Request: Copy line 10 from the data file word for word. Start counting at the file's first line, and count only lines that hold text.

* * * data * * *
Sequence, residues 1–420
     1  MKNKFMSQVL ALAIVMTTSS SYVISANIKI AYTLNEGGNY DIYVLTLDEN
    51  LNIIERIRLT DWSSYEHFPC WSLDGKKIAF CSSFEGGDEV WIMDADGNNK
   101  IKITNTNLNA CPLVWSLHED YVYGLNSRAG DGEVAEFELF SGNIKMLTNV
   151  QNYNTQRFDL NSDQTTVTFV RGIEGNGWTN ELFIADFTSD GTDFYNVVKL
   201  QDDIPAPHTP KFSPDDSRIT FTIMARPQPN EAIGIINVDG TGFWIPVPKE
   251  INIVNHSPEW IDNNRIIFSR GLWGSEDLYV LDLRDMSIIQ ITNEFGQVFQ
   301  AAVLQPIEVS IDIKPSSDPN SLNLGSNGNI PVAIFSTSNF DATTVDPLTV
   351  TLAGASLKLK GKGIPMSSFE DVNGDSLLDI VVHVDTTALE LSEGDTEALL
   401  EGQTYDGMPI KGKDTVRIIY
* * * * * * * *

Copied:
   401  EGQTYDGMPI KGKDTVRIIY